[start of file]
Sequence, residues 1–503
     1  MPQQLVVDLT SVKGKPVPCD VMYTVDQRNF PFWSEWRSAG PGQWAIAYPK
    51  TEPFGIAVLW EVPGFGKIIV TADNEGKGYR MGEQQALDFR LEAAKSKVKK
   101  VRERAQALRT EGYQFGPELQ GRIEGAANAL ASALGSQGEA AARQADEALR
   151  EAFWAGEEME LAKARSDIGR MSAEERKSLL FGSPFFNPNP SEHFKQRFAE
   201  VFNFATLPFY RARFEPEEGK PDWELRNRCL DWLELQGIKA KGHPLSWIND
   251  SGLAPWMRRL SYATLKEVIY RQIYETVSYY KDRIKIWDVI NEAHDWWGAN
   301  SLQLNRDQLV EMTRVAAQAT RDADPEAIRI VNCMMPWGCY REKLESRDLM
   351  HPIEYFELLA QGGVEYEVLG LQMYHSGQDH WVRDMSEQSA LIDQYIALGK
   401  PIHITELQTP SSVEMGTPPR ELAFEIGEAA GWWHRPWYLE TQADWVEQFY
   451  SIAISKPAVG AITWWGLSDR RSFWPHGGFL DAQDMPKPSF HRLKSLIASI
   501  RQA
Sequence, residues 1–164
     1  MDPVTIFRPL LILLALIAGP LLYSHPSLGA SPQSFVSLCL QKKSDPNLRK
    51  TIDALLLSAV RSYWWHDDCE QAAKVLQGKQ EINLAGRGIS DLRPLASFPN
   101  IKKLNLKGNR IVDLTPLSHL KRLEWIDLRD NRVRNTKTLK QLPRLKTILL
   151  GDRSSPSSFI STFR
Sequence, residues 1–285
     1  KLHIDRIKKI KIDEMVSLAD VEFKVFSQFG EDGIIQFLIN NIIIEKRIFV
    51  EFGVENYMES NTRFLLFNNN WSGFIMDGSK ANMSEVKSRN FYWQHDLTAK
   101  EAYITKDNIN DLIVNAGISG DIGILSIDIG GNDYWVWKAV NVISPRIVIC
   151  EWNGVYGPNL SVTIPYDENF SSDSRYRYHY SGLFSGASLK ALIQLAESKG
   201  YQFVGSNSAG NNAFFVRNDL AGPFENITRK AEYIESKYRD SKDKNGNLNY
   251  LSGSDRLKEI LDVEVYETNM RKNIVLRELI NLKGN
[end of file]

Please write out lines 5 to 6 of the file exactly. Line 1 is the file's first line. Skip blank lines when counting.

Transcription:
   151  EAFWAGEEME LAKARSDIGR MSAEERKSLL FGSPFFNPNP SEHFKQRFAE
   201  VFNFATLPFY RARFEPEEGK PDWELRNRCL DWLELQGIKA KGHPLSWIND